The next drama by Shonda Rhimes gets a late spring premiere date on ABC. Something of a departure for the hitmaker behind Scandal and Grey’s Anatomy, it is set in the world of Shakespeare’s Romeo and Juliet, after the two doomed lovers have died.
The holds leader for the upcoming week is John Sandford’s Golden Prey (PRH/Putnam; RH Large Type; Penguin Audio/BOT; OverDrive Sample), which has also received strong prepub reviews.
A distant second is Iris Johansen’s No Easy Target(Macmillan/St. Martin’s; Recorded Books; OverDrive Sample), in which one of the supporting characters from her best selling Eve Duncan books gets her own book.
The new book by the author of the award-winning dystopian Southern Reach Trilogy arrives with three starred prepub reviews (Kirkus calls it an “odd, atmospheric, and decidedly dark fable for our time“) and film rights already sold to Paramount. In addition, in late March, CinemaCon attendees were treated to footage of the adaptation of Annihilation, the first book in the Southern Reach Trilogy. Directed by Ex Machina‘s Alex Garland, it stars Natalie Portman and Oscar Isaac, release is expected in 2018.
UPDATE: Laura Miller gives Borne a thoughtful review in the New Yorker.
Option B, Sheryl Sandberg and Adam Grant (PRH/Knopf; RH Audio/BOT).
The COO of Facebook, famous for her book on women in the workplace, Lean In, writes about what she learned after the sudden, unexpected death of her husband in 2015 at age 47. She will be featured on CBS Sunday Morning this weekend, in a segment that promoted today on CBS This Morning. More will follow, with appearances on Good Morning America, the Late Show with Stephen Colbert, and NPR’s All Things Considered.
“Strout does not disappoint with her newest work. Her brilliant collection takes up where her novel, My Name is Lucy Barton, leaves off. The chapters read like short stories with Lucy Barton as the thread that runs between them. The characters populate Amgash, Illinois and their stories are woven together carefully and wonderfully. No one captures the inner workings of small town characters better than Strout. Written to be read and enjoyed many times, I highly recommend for readers of fine literary fiction.” — Mary Vernau, Tyler Public Library, Tyler, TX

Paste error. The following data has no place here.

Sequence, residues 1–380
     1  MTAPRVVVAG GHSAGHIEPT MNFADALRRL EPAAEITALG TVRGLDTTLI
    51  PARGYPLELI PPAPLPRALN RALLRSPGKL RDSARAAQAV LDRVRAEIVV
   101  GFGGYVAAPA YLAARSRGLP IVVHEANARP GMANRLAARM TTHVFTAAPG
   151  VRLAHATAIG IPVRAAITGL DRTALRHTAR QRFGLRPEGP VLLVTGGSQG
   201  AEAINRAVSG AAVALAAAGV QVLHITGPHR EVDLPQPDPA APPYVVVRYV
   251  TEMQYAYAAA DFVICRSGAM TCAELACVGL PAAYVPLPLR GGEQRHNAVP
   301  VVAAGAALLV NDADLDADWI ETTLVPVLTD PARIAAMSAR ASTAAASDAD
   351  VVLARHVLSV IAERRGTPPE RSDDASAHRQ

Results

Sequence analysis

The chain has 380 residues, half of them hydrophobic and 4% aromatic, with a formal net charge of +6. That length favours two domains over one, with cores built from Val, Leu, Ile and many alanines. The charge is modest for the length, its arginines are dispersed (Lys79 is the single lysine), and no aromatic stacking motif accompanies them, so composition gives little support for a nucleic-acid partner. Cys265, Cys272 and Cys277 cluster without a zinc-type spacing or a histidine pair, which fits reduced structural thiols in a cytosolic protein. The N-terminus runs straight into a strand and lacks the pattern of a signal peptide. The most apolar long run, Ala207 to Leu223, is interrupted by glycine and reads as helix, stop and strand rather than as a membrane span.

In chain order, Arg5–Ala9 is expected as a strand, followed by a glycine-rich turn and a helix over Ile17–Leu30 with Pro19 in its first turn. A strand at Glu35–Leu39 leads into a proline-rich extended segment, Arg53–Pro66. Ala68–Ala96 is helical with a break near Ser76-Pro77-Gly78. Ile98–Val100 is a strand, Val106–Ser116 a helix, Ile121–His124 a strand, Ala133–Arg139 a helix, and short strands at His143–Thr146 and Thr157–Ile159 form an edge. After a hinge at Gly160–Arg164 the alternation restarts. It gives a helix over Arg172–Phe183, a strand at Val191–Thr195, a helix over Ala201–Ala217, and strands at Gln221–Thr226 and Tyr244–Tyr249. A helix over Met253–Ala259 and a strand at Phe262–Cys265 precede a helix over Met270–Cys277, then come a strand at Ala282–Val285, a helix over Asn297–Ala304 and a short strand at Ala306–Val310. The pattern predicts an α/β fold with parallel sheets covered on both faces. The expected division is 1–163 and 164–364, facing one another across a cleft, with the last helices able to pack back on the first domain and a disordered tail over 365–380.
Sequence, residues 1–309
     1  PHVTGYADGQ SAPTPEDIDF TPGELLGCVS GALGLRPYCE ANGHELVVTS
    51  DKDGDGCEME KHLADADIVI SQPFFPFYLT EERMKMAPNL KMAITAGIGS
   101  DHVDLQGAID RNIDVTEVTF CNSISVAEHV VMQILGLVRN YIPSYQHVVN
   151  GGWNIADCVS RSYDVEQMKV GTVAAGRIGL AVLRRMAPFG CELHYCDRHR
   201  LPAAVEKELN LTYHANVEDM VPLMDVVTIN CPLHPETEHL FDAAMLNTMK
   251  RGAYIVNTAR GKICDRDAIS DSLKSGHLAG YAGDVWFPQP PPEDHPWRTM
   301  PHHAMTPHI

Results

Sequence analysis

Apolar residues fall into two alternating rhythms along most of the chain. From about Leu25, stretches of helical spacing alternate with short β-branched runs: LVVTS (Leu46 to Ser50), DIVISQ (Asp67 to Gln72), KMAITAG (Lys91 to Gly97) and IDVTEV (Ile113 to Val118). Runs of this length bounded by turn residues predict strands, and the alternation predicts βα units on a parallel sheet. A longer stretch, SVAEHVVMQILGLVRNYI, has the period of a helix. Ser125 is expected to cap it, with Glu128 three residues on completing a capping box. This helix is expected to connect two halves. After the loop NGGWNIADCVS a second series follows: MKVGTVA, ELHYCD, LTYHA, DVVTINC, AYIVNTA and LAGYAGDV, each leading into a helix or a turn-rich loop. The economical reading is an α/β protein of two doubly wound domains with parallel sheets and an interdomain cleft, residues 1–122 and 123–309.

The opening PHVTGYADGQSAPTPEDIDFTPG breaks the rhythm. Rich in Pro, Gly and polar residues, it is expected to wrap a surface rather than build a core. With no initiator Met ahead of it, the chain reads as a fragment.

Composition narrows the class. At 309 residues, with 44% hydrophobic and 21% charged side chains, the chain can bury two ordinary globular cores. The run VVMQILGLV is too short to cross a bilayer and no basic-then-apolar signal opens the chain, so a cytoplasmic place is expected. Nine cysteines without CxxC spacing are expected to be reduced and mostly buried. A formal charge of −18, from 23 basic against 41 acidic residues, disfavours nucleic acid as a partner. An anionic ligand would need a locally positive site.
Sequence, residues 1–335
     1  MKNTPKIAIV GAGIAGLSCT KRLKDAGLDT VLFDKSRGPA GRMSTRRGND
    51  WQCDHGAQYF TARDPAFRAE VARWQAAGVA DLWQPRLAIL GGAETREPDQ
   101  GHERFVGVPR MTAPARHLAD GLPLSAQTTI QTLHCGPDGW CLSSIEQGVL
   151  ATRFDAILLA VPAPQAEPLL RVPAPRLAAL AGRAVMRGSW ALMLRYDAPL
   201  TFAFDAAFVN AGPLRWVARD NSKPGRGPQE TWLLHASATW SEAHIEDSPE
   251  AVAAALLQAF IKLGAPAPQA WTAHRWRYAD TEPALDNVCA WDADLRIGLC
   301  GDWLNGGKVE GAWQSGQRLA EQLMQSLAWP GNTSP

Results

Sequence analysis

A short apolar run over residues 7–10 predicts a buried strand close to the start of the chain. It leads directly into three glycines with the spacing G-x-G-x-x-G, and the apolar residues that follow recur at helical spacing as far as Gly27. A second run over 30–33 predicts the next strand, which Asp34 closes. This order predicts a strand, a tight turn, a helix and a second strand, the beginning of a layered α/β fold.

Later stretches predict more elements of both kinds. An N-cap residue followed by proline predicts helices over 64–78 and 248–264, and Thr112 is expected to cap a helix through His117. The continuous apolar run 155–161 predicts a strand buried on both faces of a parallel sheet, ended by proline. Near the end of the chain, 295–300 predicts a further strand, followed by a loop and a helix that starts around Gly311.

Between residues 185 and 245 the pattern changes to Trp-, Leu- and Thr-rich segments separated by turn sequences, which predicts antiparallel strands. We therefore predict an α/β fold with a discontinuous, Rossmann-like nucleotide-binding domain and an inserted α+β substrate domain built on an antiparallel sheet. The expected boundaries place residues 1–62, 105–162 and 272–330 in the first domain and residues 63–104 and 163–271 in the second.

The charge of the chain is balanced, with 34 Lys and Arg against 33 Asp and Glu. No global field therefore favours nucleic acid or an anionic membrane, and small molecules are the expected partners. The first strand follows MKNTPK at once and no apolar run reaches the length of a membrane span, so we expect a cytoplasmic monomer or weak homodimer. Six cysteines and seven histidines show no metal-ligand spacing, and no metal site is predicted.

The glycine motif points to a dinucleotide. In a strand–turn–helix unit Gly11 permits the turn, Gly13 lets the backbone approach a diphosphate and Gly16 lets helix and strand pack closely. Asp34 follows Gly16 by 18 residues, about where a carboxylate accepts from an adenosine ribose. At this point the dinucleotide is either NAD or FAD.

“Backman’s most complex novel to date takes place in the small, hockey-crazed village of Beartown. He deftly weaves together the stories of the players, the coaches, the parents, and the fans as Beartown’s hockey team chases its dream of winning a championship. Weighty themes are explored. How high a price is too high for success? How deadly is silence? Who can you trust with your secrets? How far will you compromise your beliefs in the name of friendship? There are no easy answers. A great book club choice.” — Janet Lockhart, Wake County Public Library, Cary, NC
“Jay Baron Nicorvo’s novel envelops you in a world most civilians never know, where homeless veterans gather to work on regaining their hearts and minds. The reader is a listener, learning about these characters through each of their voices, accents, idioms, and military jargon — sometimes mean and ugly, sometimes only vaguely understood. Even in their hidden Catskills retreat, there is a realization that they are not beyond the reach of a sinister corporate world waging another, more personal war for oil. The Standard Grand is sculpture, a work of art with every word, every detail, perfect.” —Diane Marie Steggerda, The Bookman, Grand Haven, MI
Additional Buzz:Booklist stars itwith reviewer Bill Kelly writing “Alongside Billy Lynn’s Long Halftime Walk (2012) and Yellow Birds (2012), The Standard Grand is an important and deeply human contribution to the national conversation.” LJ counts it among its picks of the “Great First Acts: Debut Novels.”
The premium cable network, HBO has discovered the temperature at which paper burns, as it moves forward with a film adaptation of Ray Bradbury’s dystopian masterpiece Fahrenheit 451 (S&S; Tantor; OverDrive Sample).
The novel, first published in 1953, depicts a future world where books are outlawed and, if found, burned by firemen. Written during the McCarthy era it has found a new readership following the 2016 election.
It won a Retrospective Hugo in 2004 and was adapted by François Truffaut in a 1966 film starring Oskar Werner and Julie Christie and was adapted as a graphic novel in 2009: Ray Bradbury’s Fahrenheit 451: The Authorized Adaptation by Tim Hamilton (Macmillan/Hill and Wang).